Power & the Glory- Allusions to Biblical Characters

Graham Greene, author of The Power and the Glory, was a 20th century English novelist. He converted to Catholicism in 1926, due to his wife’s practices in faith, which is right around the severe persecution of the Roman Catholic Church during this time period. In 1936, ten years after he converted to Catholicism, Greene traveled to Mexico with the specific purpose of studying and writing about this persecution. His two most common themes displayed in his novels are violence and religion. Evidently, in this novel it is clear that it was influenced by his travels to Mexico, as several of Greene’s characters are parallels to some of those who are in the bible.
      Padre Jose can be compared to Peter the Apostle. After being a follower of Jesus for three years, Peter denied knowing Jesus three times. Not until Jesus resurrected did Peter begin to fully understand who Jesus was. Similarly, Padre Jose denied God by turning away from the priesthood and renouncing his faith so that he would not be persecuted. Rather than being killed and becoming a martyr, he chose to give into the government and married his housekeeper. After doing so he continues to abandon his faith by refusing to give blessings. For example, he was asked in the cemetery during a funeral to give his final blessing, yet he did not believe it was possible. His response to the people was “Leave me alone. I am unworthy. Can’t you see?—I am a coward” (49). In addition, he denied his faith again when the lieutenant came to his house asking him to hear the whiskey priest’s confession. He was afraid of being set up by the government, and he again shows his unworthiness by ignoring his sense of duty. Padre Jose’s abandonment of the priesthood does not say that he no longer believes in God and the Catholic Church, but it does show that he fears pain, one of many common themes in Greene’s novel.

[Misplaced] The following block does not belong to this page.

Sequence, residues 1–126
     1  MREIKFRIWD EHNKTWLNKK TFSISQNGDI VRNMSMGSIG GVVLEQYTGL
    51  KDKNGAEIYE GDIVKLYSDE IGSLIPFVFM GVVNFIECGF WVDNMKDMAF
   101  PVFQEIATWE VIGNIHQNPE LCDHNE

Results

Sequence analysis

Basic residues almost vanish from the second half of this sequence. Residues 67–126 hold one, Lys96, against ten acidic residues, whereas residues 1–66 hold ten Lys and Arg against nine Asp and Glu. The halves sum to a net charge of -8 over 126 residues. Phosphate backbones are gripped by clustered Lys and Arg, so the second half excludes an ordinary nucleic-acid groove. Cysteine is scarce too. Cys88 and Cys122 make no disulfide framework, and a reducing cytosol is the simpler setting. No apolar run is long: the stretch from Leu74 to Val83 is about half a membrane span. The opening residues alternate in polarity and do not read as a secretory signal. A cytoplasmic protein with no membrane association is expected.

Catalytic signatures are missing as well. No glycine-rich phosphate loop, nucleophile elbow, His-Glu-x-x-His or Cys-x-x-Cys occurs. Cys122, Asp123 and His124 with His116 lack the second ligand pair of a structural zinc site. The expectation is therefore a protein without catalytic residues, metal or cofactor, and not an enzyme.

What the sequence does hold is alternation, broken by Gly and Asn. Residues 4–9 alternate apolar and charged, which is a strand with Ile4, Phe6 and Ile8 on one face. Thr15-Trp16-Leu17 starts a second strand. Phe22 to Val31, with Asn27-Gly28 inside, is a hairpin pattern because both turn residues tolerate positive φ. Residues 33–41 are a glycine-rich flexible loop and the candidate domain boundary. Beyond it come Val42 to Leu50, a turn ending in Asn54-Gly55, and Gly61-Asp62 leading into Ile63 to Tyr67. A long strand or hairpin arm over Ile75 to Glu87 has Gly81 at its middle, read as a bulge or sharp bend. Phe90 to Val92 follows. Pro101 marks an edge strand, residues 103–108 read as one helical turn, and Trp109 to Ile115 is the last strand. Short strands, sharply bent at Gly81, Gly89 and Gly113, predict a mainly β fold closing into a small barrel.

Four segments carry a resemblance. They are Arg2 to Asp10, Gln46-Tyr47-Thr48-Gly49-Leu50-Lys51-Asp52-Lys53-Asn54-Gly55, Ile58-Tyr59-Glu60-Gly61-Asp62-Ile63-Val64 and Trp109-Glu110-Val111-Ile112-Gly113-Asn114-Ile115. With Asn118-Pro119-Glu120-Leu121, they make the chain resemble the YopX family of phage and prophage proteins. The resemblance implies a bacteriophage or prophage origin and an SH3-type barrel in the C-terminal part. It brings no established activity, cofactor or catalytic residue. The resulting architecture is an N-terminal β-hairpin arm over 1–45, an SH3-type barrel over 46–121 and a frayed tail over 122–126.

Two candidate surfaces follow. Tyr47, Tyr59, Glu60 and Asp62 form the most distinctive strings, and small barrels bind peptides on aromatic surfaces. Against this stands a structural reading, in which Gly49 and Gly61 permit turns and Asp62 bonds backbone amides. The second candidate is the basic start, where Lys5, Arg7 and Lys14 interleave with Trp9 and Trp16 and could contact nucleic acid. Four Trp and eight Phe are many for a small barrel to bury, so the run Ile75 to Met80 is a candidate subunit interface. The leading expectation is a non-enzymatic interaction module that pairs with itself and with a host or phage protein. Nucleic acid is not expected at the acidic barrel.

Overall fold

In addition, the Whiskey Priest can be paralleled to Jesus Christ. The Whiskey Priest’s execution can be...